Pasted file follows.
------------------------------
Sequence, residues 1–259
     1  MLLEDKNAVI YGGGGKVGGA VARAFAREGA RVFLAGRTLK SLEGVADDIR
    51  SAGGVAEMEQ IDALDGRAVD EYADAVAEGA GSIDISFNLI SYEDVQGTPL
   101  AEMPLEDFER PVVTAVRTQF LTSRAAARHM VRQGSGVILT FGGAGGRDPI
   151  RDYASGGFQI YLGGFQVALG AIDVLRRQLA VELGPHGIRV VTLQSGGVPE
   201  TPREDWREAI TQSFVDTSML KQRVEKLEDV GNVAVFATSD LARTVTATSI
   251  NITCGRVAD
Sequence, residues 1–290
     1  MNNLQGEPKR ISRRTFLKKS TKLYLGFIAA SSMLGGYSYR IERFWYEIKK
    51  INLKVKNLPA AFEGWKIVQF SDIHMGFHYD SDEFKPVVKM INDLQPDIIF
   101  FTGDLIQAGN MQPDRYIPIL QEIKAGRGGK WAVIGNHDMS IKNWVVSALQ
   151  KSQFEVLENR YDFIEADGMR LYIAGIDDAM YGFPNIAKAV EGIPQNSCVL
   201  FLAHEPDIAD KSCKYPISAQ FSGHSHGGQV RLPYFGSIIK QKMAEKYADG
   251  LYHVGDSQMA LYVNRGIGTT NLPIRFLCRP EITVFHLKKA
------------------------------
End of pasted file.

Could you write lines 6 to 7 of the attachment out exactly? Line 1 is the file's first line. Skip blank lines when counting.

   201  TPREDWREAI TQSFVDTSML KQRVEKLEDV GNVAVFATSD LARTVTATSI
   251  NITCGRVAD